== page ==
It's important to note the difference between CBD and THC which is the psychoactive ingredient found in cannabis responsible for giving users the “high” feeling. CBD Coffee will NOT get you high.
If you're a coffee lover that has a job requiring periodic drug tests, there's nothing to worry about. Drinking CBD Coffee will not flag you.
For more information, check out our article for the best CBD Coffees.
Tips for Brewing Coffee
The pour over method is extremely popular among connoisseurs and regular coffee drinkers alike because it produces a very flavorful and clean-tasting brew. To make good pour-over coffee, you will need a large mug, carafe, or pot, a filter cone, and a paper filter. Making the perfect pour over isn't hard but does require you to be aware of what you're doing so you can make adjustments as needed. Follow the instructions below:
Grind the Coffee
You'll want to use a fine to medium-ground coffee for the pour-over method; grounds about the size of sugar crystals should be about right. For stronger coffee, use a slightly finer grind, and for milder coffee, use a slightly coarser grind.
Get your equipment set up by placing your filter cone on top of your carafe or pot so that it fits together properly. Bodum makes an excellent pour over coffee maker for under $20. Then place the paper filter into the filter cone.
Heat the Water
Next heat your water until it is almost—but not quite—boiling. Water boils at 212 degrees Fahrenheit, and the best temperature for making coffee is around 195 to 205 degrees, so be sure not to pour boiling water into your cone. When the water is too hot, you may scorch the beans and lose out on a whole range of flavors.
Rinse the Filter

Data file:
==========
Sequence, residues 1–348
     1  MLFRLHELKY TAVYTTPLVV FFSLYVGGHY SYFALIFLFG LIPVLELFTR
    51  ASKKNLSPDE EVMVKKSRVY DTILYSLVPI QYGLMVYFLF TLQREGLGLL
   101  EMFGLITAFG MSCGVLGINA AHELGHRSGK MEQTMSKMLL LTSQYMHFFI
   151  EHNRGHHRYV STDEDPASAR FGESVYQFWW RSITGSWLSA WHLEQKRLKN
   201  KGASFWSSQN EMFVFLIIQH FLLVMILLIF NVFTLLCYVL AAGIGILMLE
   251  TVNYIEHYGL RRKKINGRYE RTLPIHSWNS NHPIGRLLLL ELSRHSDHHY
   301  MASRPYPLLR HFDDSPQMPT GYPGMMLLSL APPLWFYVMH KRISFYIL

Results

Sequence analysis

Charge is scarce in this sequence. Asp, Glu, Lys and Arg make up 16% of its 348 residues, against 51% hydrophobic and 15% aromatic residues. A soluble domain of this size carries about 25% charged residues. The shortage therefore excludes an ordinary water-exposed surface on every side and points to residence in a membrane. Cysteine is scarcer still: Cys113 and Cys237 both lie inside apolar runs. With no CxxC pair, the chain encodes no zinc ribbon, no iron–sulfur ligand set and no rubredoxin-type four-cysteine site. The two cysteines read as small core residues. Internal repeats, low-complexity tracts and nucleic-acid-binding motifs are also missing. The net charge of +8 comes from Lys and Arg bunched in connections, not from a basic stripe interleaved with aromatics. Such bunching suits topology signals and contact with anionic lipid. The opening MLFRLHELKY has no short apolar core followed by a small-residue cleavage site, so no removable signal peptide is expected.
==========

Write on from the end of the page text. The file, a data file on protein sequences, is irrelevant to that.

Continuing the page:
Before you add any coffee, gently pour a little of the hot water into the empty filter to wet and rinse.
Measure the Coffee
Add one generous, heaping tablespoon (or, if you want a more precise measurement, use two level tablespoons) for each six-ounce cup of coffee that you want to make.
Make the coffee “bloom”
Next, pour a little hot water over the coffee in the filter. Pour just enough to thoroughly wet the coffee. You may notice that the coffee bubbles and expands. This is referred to as the “bloom” and occurs when freshly ground beans release CO2. Once you have poured in your water, let it stand for 30 seconds to allow time for the water to soak in.
Pour in the remaining water.
The water pour is considered the most important part in making the perfect pour over. Very slowly pour in the remaining water to make the desired amount of coffee. Pour the water using a spiral motion, starting in the middle of the ground coffee and working your way outward.
Allow all the water to drip through the filter, and then enjoy your perfect cup of coffee!
For more details on this process, check out our article for how to make the perfect pour over.